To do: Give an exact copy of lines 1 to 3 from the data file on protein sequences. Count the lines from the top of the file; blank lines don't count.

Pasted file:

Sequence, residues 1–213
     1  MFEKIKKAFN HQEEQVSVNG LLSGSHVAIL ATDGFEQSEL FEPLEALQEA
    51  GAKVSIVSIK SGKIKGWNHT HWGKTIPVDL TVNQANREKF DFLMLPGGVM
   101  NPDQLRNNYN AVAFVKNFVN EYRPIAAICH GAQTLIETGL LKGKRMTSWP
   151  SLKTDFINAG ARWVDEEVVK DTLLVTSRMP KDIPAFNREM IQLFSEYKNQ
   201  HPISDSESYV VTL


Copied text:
Sequence, residues 1–213
     1  MFEKIKKAFN HQEEQVSVNG LLSGSHVAIL ATDGFEQSEL FEPLEALQEA
    51  GAKVSIVSIK SGKIKGWNHT HWGKTIPVDL TVNQANREKF DFLMLPGGVM